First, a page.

College of Arts and Sciences

When it comes to comics and graphic narratives, few names are as renowned and revered as Art Spiegelman. Since the 1960s, Mr. Spiegelman has been influencing the comics genre and leaving his mark on American culture. Whether it is through his creation of the Garbage Pail Kids for Topps trading cards, his famous cover designs for The New Yorker or his biographical masterpiece “Maus,” Mr. Spiegelman’s work has influenced generations of artists and readers.

Sandy Scheuer was on her way to class on May 4, 1970, when she was shot and killed by Ohio National Guardsmen responding to protests of the Vietnam War at Kent State University. She was a junior honors student, a speech therapy major and a proud member of Alpha Xi Delta sorority.

You have likely seen one at an aquarium. It is the friendly creature with the oversized head that swims up to the glass with what looks like a smile on its face. Beluga whales are extremely social mammals that are often called sea canaries because of their high-pitched chatter, or melonheads for the enlarged and flexible area above their eyes that creates facial expressions. These distinguishing features of the beluga whale make up just some of its unique characteristics.

Doctoral student plants gardens atop Cleveland buildings to bridge urban design with natural biology

Recent research has uncovered that up to 5 percent of the DNA of many modern humans originated from ancient interbreeding with Neanderthal populations. This raises the broader question of whether a species’ genetic makeup includes genes brought together through occasional episodes of hybridization. Are we an amalgamation of DNA from a variety of interbreeding species? Did such hybridization happen throughout the 7 million years of human evolution? “Occasionally,” said Anthony J.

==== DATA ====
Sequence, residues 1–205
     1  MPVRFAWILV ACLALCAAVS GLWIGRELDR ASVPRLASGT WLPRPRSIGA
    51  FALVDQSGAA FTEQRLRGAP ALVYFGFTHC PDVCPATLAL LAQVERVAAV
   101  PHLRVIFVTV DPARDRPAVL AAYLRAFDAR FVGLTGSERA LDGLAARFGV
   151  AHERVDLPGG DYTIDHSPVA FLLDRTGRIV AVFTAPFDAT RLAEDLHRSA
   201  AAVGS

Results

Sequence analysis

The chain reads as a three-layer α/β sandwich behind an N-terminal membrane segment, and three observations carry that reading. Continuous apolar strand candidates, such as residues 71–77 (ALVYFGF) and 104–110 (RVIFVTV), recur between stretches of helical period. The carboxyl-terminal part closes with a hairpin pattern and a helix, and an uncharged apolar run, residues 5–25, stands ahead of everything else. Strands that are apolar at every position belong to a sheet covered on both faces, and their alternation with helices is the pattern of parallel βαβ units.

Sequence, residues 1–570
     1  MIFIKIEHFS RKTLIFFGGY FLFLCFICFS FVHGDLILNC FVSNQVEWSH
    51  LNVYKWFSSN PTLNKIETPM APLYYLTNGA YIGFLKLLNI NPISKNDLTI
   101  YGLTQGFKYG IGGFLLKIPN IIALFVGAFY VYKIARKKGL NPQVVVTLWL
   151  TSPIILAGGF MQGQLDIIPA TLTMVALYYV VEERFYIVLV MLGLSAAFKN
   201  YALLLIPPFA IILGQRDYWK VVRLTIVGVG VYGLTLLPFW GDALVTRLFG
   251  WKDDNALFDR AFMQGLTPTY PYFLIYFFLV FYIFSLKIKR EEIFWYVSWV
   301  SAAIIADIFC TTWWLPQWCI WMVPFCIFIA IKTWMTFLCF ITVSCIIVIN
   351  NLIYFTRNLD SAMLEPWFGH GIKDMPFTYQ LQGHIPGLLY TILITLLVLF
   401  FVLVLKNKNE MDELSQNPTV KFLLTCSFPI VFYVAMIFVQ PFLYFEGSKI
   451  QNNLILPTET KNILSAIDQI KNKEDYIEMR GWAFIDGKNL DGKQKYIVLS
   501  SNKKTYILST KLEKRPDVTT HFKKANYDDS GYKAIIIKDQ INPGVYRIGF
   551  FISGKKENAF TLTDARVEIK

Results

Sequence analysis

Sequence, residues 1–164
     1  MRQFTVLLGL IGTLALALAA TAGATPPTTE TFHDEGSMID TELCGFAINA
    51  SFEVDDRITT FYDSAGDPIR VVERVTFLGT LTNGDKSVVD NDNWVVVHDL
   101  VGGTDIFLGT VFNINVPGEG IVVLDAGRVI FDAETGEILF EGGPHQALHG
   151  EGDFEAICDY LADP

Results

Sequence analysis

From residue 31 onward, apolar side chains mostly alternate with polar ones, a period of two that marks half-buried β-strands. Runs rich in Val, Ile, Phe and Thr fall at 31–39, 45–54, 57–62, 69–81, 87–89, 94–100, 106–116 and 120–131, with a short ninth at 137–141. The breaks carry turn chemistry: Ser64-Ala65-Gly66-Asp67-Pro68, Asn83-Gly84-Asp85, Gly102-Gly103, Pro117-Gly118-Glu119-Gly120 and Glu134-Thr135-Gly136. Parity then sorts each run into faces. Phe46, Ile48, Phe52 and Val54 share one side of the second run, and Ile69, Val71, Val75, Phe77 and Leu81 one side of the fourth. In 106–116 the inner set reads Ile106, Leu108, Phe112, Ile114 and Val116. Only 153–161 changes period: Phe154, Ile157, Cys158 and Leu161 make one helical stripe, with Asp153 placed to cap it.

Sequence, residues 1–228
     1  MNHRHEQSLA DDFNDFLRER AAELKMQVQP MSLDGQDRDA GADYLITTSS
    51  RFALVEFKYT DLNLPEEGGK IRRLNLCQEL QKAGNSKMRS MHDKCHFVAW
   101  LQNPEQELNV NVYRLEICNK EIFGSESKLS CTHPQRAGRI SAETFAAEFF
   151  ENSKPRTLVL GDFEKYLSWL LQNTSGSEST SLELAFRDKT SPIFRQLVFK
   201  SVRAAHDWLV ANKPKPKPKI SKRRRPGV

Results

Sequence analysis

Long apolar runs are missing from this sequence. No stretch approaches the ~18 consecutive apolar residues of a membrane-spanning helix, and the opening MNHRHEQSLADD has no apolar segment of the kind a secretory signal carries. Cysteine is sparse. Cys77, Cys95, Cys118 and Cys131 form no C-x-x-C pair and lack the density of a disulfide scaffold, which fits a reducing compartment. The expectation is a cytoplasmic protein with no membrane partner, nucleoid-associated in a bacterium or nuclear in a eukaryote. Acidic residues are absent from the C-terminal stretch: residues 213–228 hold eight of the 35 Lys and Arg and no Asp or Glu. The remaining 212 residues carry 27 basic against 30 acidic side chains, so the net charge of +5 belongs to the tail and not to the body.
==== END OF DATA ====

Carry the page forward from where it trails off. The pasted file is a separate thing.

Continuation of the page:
Earl K. Miller, Ph.D., and his wife, Marlene M. Wicherski, have pledged $2 million to fund three scholarships and a professorship in Kent State University’s College of Arts and Sciences. Dr. Miller is a Kent State alumnus who grew up in Lyndhurst, Ohio.

“The generosity of Earl and Marlene reflects their passion for Kent State’s brain health research,” said Kent State President Beverly Warren. “With their support, we will continue our multidisciplinary efforts to unlock the secrets of brain function and address the complex interaction of factors contributing to brain health.”

How different are human brains compared to the brains of other primates such as chimpanzees, gorillas and monkeys? It’s one of many important questions that scientists have asked for years while pursuing a better understanding of human evolution.

On Monday, November 13, 2017, the Kent State College of Arts and Sciences and Office of Global Education hosted the MISSION: LIFE VI international innovation competition, focused on bringing together interdisciplinary teams to address major world problems. The Kent State team, whose idea focused on diverting food waste from the landfill stream and converting it into electricity, won the “People’s Choice” award, after over 300 people visited the three exhibits and voted for their favorite.

Marilyn Norconk, Ph.D., a Professor Emerita of Anthropology in Kent State University’s College of Arts and Sciences, has been elected a Fellow of the American Association for the Advancement of Science (AAAS), the world’s largest general scientific society and publisher of the journal Science.

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